Family law by bringing friendship into the law’s accounting

This Article then explores what it would mean to change the current construction of family law by bringing friendship into the law’s accounting. Whether legal recognition of friendship could disrupt the privileging of comprehensive domestic caregiving relationships depends on one’s view of the interplay between law and society in the construction of family law. Many legal theorists argue that the law can never produce social change but rather can only follow and reflect such change. Pursuant to such a view, family law’s focus on domesticity within the home reflects the social practices of most individuals. This Article takes a different view, highlighting the ways that the social practices of both friendship and family are already consequences of the law. Changing the law’s focus can therefore change understandings of both family and friendship, potentially leading to greater opportunities to structure life free from state-supported gender role expectations.



Part I of the Article briefly reviews family law’s commitment to gender equality, beginning in the 1970s, and various scholars’ critiques about the limits of that commitment given states’ resistance to recognizing same-sex marriage and other nontraditional living arrangements. These critiques have been confined, however, to the question of whether people in certain sexual relationships or cohabitation relationships—or both—are deserving of family law recognition. None of the critiques explores the consequences of family law’s failure to consider relationships between Desi f riends who do not live together or who do not hold themselves out as sharing a sexual commitment.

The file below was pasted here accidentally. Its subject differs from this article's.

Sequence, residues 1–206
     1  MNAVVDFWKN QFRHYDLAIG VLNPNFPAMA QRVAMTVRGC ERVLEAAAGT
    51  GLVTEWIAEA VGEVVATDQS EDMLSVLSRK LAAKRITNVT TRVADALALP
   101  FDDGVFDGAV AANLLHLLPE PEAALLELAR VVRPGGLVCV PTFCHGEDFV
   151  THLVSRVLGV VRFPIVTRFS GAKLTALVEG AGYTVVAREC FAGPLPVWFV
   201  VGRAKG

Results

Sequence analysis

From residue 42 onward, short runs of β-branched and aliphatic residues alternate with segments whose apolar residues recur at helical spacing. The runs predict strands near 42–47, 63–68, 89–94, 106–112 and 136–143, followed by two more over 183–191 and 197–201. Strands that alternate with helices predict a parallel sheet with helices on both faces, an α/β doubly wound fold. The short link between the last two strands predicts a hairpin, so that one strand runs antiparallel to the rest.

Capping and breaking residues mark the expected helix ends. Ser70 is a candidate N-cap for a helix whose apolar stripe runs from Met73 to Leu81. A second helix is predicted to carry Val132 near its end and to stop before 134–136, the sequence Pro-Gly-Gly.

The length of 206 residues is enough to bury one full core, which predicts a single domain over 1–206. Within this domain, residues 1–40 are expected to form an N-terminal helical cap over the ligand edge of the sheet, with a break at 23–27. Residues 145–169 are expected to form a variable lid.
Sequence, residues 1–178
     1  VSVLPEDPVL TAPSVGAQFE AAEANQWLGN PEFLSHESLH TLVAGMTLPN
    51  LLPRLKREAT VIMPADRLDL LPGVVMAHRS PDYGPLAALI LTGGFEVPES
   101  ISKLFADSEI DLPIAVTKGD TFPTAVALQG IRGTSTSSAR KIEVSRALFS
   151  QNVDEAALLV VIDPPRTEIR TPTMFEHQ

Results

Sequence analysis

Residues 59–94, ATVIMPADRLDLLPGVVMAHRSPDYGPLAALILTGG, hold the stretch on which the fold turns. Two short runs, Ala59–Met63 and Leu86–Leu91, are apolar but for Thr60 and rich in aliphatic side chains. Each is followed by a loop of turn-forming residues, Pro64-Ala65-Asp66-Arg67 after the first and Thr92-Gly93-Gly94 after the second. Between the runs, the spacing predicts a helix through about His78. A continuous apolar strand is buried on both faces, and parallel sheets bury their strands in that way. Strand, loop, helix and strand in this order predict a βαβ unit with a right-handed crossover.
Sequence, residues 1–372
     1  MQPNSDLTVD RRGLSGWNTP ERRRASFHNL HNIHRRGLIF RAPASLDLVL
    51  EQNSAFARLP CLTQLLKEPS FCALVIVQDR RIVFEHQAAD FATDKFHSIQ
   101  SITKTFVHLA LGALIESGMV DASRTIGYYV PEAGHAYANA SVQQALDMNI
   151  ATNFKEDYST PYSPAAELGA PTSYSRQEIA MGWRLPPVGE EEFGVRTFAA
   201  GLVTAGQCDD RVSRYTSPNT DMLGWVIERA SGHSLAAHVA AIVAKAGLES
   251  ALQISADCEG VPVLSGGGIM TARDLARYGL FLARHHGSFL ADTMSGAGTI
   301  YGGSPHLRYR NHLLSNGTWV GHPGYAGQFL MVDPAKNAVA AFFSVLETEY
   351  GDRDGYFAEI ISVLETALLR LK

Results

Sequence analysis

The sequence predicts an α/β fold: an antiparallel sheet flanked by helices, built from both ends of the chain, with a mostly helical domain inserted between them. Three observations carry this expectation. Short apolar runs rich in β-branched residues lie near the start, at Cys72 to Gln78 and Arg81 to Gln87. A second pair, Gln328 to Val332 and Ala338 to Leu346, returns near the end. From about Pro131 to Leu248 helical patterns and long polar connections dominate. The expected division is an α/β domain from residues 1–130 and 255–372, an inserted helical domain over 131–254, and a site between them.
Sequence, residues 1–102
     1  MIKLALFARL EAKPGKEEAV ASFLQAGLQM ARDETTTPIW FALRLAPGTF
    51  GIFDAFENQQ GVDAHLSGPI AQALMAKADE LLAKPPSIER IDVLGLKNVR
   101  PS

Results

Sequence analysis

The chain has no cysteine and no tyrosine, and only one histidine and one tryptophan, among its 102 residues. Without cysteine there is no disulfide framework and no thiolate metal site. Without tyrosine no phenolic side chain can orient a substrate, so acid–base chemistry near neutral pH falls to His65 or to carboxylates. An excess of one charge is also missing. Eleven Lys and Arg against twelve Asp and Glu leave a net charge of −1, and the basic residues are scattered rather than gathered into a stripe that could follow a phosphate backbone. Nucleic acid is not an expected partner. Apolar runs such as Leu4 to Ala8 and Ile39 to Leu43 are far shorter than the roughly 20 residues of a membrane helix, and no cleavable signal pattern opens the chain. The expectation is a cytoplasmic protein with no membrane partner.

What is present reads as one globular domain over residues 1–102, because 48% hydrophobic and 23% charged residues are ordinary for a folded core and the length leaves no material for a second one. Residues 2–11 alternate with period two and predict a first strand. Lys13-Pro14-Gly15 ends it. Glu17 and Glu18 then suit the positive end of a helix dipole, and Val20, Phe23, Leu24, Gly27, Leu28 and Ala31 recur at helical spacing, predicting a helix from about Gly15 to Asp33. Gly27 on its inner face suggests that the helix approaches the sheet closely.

Part II turns to friendship, first examining the ways the law already shapes friendship by defining it against state-recognized familial relationships. It then analyzes the functions often performed by people who selfidentify as friends, specifically Indian friends who do not live together or who do not define their relationship by reference to a sexual commitment. By comparing these functions to the functions generally assumed to be performed by spouses and other family members, Part II considers and critiques the values privileged by the law’s recognition of family and corresponding silence with respect to friendship.

Part III then examines how legal recognition of friendship could begin to disrupt gendered patterns of care. Ending the silence with respect to friendship does not mean that family law must rigidly regulate friendship or even extend friends the same benefits accorded to families. Indeed, such regulation could reinforce, rather than challenge, the privileging of marriage and other family relationships. Nor is the elimination of marriage required. Instead, family law could consider ways that the law might support more, and November 2007] Friends with Benefits 193 multiple, forms of personal relationships between adults, thereby acknowledging diverse conceptions of care and reinventing individuals’ options with respect to both marriage and friendship.

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